Admissions tutors often tell us there is no such thing as a model statement, and architecture is a case in point. For example, tutors at University College London (UCL) want you to write what you find interesting. They don't have any specific things they’re looking for, they don’t necessarily want to know which architects you admire, and they don’t require you to have had any work experience or to have shadowed an architect.
So, it’s more about being individual and creative in your statement. That doesn’t mean being off-the-wall, but having something really interesting, engaging, and relevant to say about what enthuses you and what has motivated you to apply.
Admissions tutors at University of Sheffield take a slightly different stance, saying that ‘a few days’ work experience in a local practice would be beneficial, but not essential'. However, they too share UCL’s point of view by emphasising that 'the most important thing is to be yourself' and that you shouldn’t 'put stuff in because you think it sounds good'. They want it to be enthusiastic and individual to you.
Although there is no such thing as a model statement, you may nonetheless find it helpful to have some guidelines around which to build it. We discussed this with Dan Blott, principal lecturer and schools admissions tutor at the School of Architecture, University of Portsmouth. Dan suggested that you try to answer the following questions:
- What prompted your interest in architecture?
- Are there any buildings and/or places you particularly like? Explain why – don't just list where you've been.
- What architects have you heard of and do you know/like any of their work? What stands out, and why?
- What do you like doing and/or what have you done well in academically that you think is relevant to studying architecture?
Sheffield offers some guidelines too, suggesting you could include why you want to study it, relevant qualities you can bring to the course and to the uni, any achievements, skills, experience or other factors you feel they should know about, and what you think you might want to do with the knowledge you gain.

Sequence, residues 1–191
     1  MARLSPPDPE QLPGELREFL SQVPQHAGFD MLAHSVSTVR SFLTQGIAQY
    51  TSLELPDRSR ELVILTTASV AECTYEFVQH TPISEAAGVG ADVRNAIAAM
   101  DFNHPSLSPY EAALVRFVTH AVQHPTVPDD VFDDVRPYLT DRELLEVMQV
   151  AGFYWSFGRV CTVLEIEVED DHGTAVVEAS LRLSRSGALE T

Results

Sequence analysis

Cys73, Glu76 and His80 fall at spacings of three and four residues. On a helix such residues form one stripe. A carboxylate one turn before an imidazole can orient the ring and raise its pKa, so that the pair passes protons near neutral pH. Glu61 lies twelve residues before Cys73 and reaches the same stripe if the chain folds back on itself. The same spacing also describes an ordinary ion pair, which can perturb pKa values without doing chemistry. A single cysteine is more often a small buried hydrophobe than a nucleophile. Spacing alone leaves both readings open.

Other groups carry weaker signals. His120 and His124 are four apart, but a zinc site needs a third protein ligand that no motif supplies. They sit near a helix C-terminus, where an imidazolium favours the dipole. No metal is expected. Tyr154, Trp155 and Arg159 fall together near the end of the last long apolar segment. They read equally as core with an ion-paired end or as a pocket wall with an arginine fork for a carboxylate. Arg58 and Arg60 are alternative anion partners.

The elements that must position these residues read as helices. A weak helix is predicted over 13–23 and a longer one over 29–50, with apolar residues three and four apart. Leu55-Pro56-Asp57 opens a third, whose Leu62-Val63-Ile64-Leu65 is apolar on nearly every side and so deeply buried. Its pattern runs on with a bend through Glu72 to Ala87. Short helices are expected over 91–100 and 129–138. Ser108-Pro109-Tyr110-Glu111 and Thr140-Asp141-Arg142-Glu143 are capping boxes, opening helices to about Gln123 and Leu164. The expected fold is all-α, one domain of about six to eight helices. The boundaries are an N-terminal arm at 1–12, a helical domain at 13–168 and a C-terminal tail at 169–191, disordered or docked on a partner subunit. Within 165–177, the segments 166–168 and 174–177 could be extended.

You're probably starting to notice there are slight contradictions when you compare what different unis say. Don’t be put off by that, just be honest and blend your statement in the way that suits you individually. Be yourself!
We also spoke to Dr Tom Goodfellow, admissions tutor at the Department of Town and Regional Planning at University of Sheffield. For him, it's all about writing your statement in a way that shows you've done your research.
He's looking for students who are attracted to the kind of challenges and opportunities his university's specialist areas will present and who are 'willing to go the extra mile in terms of exploring both the ethical and practical challenges of planning in the twenty-first century’.
Finally, some down-to-earth advice for construction applicants:
‘If you’re applying for courses like construction management, I don't really want to know about what your Dad did, I want to know why you want to be a construction manager and how you are passionate about the construction industry.
‘Or, if you’re applying for a course such as architectural technology, don't tell me about your passion to be an architect, as this just indicates that you regard our course as a fall-back position.’ Delia Forester, Admissions Tutor – University Of Brighton
In other words, be clear about what it is you’re applying for and be specific about why the course you’re applying for appeals to you personally.
We loved Delia’s general tips too:
- 'I don't really want to know that you have been to Florence/Istanbul/New York and were very impressed'
- 'Don’t send in a statement written by the careers department – put it in your own words.'
- 'I do want to know that you already know a bit about the industry, that you are reasonably articulate, and can spell'
- 'Don't use slang or informal or text language.'
- 'Don't have an offensive or inappropriate email address.'
Take a look at our in-depth guide to architecture, building, and planning, covering entry requirements to careers, for some inspiration.